The good news is that most small and midsized businesses (SMBs) are optimistic about their growth prospects. The bad news is that IT is getting left behind.
This past summer, Spiceworks surveyed 839 IT professionals in the United States and Europe, the Middle East and Africa (EMEA) for its State of IT report for 2016. The helpdesk software maker, also famous for its online community of millions of IT experts, quickly discovered that despite an improving economic outlook, businesses aren't spreading the wealth to their IT departments.
A slim majority (56 percent) of respondents said they expect their company revenues to climb in 2016 while 22 percent said they expect no change. Another 10 percent think sales will suffer. Most IT professionals don't expect their situations to improve. Only 38 percent said they expect their IT budgets to increase in 2016. Forty-two percent expect their budgets to remain the same, and 10 percent plan to tighten their belts.
Spiceworks' IT analyst Peter Tsai told Small Business Computing that the budget-stretching skills of IT administrators, particularly those keeping the technology up and running at SMBs, will come in handy next year. "They are going to have to do more with less and get more creative," he said.
In 2016, small businesses with one to 19 employees plan to spend $62,517 in hardware, software, and IT services. That figure balloons to $132,372 for companies with 50 to 99 employees. Meanwhile, larger midsized businesses (500-999 employees) are poised to spend $634,540 on average.
And don't expect new hires to help pick up the slack. Only 34 percent of companies plan to increase IT staff in 2016. Fifty-nine percent plan to keep staffing levels the same, and four percent said they're shedding some positions.
Small Business Data Security Takes a Hit
Data breaches continue to dominate tech headlines, but increased awareness isn't manifesting as an increase in security spending.
"IT pros wish that they could invest more in security," Tsai. Unfortunately, their pleas usually go unheard.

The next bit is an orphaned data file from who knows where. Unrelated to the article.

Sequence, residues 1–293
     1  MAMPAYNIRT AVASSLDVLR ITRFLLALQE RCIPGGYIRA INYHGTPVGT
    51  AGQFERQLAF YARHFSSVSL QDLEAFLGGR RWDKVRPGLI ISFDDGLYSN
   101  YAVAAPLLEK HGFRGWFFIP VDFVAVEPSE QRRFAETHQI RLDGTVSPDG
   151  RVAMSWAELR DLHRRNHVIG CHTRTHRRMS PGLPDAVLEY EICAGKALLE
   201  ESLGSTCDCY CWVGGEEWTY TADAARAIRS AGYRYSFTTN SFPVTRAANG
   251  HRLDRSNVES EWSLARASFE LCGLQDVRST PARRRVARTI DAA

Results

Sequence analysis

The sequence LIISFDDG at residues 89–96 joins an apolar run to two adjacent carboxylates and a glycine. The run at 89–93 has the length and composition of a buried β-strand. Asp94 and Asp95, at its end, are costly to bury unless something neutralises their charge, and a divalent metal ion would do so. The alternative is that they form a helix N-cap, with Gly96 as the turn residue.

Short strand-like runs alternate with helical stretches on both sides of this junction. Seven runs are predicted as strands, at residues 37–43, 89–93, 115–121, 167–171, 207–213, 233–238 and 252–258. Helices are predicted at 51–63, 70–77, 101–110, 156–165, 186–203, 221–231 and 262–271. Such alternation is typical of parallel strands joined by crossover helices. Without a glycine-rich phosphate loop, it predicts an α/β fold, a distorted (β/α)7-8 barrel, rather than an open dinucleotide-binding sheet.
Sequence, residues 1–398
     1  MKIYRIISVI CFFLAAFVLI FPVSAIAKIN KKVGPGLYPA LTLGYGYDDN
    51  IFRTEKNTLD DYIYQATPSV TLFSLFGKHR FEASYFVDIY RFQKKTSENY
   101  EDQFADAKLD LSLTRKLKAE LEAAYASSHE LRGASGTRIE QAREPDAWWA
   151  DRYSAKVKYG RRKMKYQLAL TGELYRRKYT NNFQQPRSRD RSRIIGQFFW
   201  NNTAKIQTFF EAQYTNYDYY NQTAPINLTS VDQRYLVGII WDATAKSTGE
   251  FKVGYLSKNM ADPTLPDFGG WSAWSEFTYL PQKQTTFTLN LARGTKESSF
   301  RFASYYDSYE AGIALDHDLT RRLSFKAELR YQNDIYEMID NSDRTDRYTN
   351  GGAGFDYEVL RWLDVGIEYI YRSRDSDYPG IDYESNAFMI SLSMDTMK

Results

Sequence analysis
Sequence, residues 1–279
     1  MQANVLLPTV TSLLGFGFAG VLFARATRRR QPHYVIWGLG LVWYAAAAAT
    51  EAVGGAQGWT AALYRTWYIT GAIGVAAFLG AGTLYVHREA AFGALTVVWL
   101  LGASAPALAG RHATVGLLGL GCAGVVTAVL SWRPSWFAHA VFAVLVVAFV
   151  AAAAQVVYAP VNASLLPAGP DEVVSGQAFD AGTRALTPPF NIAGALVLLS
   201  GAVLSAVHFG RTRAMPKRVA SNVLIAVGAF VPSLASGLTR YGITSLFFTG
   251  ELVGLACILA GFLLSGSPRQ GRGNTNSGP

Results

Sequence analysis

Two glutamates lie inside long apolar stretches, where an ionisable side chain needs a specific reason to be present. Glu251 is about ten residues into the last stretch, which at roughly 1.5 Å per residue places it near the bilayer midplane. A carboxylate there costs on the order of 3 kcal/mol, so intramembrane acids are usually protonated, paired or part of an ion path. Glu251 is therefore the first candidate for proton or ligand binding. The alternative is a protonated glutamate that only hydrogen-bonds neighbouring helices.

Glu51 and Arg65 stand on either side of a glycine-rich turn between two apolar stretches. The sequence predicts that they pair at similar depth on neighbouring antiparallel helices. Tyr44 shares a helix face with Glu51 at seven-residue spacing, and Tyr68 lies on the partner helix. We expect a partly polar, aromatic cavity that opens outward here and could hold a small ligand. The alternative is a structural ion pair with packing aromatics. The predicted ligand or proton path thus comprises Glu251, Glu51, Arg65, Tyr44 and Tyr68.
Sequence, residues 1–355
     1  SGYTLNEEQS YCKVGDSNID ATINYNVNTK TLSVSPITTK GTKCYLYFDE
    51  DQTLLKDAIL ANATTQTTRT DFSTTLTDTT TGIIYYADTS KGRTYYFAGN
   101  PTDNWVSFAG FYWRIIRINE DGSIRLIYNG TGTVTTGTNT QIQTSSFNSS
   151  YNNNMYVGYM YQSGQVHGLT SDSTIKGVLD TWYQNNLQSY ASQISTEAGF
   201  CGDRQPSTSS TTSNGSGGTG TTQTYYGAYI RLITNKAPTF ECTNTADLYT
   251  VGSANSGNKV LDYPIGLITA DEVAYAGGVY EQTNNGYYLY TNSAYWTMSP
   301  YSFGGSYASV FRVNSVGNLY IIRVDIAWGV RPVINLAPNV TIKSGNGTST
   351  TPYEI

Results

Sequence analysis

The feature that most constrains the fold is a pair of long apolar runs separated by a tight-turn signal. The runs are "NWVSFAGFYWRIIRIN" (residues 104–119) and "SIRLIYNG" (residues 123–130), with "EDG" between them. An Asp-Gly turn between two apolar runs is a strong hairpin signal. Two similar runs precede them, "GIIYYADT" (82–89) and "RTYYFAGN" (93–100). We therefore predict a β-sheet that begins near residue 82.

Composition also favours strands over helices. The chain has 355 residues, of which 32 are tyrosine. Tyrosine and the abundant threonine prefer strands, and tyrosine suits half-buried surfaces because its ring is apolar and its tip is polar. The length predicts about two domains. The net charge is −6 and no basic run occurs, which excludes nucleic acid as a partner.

Nearly half of those surveyed (48 percent) said their data and IT systems weren't adequately protected from threats. Fifty-one percent said they are going into 2016 without their organizations making IT security a top priority.
Many don't even know if they're at risk. "Sixty-two percent don't do security audits," lamented Tsai. "They're not really making it a priority even though they know it's a priority." For SMBs, the reasons for inadequate security boil down to a lack of time, money, and sheer know-how.
"In general, they have one IT person," Tsai observed. "The expertise is often lacking, and as you know, security can be a full-time job."
Haunted by the Ghost of Windows XP
Microsoft put Windows XP out to pasture last year, and Windows Server 2013 met the same fate this past July. Spiceworks found that despite the security risks posed by these ancient operating systems (OS), many organizations just can't seem to let go.
"Windows XP and Server 2003 are still present in large numbers," Tsai said. Sixty-six percent of respondents said they are still supporting an XP machine or two in their environments, down from 72 percent last year.
Windows Server 2003 is still chugging along in 60 percent of organizations, compared to 68 percent last year. The situation seems dire, but there's a silver lining according to Tsai.
Operating system end-of-life initiatives "continue to drive purchases," said Tsai. Of those planning to devote some of their software budgets to newer OSes, 47 percent plan on upgrading to Windows 10 and 32 percent are investing in migrating from Windows Server 2003.
Pedro Hernandez is a contributing editor at Small Business Computing. Follow him on Twitter @ecoINSITE.
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